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Where Can I Ride My ATV?
There’s nothing better than finding an awesome new ATV trail. Whether you’re staying close to home or taking your ATV on a far-ranging trip, here’s a quick guide to help you find places to ride.
Start with public lands and parks. Most states have a Department of Natural Resources (DNR) or another agency that operates the state park system. These agencies often provide a list of trails and other resources for ATV and Off Road Vehicle (ORV) riders. At a national level, you can search federal lands and national park websites for areas to ride your ATV. Check the website of your nearest public land or park to see if they have a map of ATV trails.
When in doubt, ask. An internet search for “private ATV park” may help you find local clubs designed just for riding ATVs and other ORVs, but simply asking around may turn up some hidden gems. Ask your local ATV/ORV dealer for tips — there may be some local recreational clubs or landowners that maintain off-the-grid trails and land for ATVs. But don’t rely on hearsay alone for private or public lands — a phone call to the landowner or government agency that maintains the land will help you avoid unsafe areas and make sure you’re not trespassing.
Follow the rules, whether written or unwritten. Written rules are usually posted at a trailhead or on the park website and can include anything from no alcohol or riding after dark to seasonal trail closures. Unwritten rules are about rider etiquette, common courtesy and respect for the great outdoors. Examples include limiting excessive noise from your vehicle, staying on designated trails, giving right-of-way to hikers and horseback riders, and approaching wildlife and livestock in your path with caution. Both written and unwritten rules keep you safe and ensure that everyone can share and enjoy the land. For more safety tips, check out 7 Tips for Safe ATV Rides.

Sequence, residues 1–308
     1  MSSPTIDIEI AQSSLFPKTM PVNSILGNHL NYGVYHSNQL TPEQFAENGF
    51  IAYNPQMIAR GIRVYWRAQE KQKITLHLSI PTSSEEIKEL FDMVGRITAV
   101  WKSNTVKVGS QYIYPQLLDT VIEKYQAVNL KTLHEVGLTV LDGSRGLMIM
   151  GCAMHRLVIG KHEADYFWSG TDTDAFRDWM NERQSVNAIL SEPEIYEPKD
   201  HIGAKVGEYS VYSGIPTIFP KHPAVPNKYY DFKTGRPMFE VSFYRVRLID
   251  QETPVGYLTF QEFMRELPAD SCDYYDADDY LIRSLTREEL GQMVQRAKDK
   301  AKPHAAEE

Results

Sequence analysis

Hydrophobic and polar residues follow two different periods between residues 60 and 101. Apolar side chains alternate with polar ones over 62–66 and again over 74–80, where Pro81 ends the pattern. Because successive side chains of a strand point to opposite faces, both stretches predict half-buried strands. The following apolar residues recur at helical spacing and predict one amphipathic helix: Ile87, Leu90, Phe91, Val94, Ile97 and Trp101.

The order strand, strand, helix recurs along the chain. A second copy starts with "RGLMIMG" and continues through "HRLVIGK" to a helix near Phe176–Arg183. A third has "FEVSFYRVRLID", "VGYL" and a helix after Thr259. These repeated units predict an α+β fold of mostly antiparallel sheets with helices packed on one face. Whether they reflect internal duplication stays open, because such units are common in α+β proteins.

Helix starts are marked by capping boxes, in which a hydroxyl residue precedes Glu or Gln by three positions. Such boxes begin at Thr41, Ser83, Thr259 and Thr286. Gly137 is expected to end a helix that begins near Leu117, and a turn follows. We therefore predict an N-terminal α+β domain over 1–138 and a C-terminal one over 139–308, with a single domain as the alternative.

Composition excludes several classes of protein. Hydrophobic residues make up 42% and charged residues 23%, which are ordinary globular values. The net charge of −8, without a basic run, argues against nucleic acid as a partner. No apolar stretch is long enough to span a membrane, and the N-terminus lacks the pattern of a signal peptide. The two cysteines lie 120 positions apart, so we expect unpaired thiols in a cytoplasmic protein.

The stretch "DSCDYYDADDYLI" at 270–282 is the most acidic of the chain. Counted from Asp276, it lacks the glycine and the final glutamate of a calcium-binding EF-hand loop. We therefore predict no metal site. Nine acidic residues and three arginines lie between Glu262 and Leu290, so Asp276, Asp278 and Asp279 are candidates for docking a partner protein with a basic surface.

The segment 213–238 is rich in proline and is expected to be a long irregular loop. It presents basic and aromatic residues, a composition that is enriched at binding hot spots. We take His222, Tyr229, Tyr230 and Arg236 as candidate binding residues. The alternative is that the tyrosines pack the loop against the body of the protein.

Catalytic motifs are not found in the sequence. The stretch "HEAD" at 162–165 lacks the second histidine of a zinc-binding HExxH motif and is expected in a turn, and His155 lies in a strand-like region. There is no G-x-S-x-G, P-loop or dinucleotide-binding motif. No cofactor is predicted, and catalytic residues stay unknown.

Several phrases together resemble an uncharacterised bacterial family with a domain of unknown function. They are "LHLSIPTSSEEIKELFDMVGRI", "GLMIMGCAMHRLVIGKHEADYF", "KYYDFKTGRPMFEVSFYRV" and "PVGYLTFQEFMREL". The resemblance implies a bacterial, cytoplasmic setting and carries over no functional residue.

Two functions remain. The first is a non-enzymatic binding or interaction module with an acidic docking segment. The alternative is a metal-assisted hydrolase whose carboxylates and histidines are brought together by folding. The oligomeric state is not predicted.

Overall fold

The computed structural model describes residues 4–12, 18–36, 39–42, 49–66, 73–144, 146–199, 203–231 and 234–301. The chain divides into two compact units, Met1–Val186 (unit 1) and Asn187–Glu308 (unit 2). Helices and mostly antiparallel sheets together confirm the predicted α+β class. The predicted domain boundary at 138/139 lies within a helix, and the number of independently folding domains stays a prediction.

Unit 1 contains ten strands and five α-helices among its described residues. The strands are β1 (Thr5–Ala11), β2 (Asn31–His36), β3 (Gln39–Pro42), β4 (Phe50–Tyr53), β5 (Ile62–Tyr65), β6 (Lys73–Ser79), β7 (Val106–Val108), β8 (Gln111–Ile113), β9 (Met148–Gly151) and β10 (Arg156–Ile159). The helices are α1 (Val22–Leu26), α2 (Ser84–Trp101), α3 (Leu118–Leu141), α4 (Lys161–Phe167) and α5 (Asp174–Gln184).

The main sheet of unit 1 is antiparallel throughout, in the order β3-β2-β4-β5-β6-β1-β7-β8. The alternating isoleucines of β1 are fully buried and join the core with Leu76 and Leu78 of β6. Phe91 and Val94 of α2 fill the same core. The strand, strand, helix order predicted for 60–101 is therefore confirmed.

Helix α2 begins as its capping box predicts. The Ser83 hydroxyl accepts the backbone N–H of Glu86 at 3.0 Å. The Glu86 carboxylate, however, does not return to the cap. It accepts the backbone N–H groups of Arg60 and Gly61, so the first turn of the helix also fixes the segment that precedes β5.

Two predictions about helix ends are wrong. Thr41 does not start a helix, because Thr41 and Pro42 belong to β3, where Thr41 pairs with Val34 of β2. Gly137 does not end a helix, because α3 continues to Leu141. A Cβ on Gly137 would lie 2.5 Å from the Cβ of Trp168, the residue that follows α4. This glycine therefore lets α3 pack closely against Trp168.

Obey the laws. Most states have regulations about where you’re allowed to ride. For example, many states prohibit riding your ATV on highways or even public roads in general, while some states only regulate ATV use in state parks. Check your state’s ATV regulations on the Consumer Product Safety Commission (CPSC) ATV site.
An ATV is a great way to enjoy the outdoors. With this guide, you’ll be blazing new trails on four (or three) wheels in no time.
Related Topics: Recreational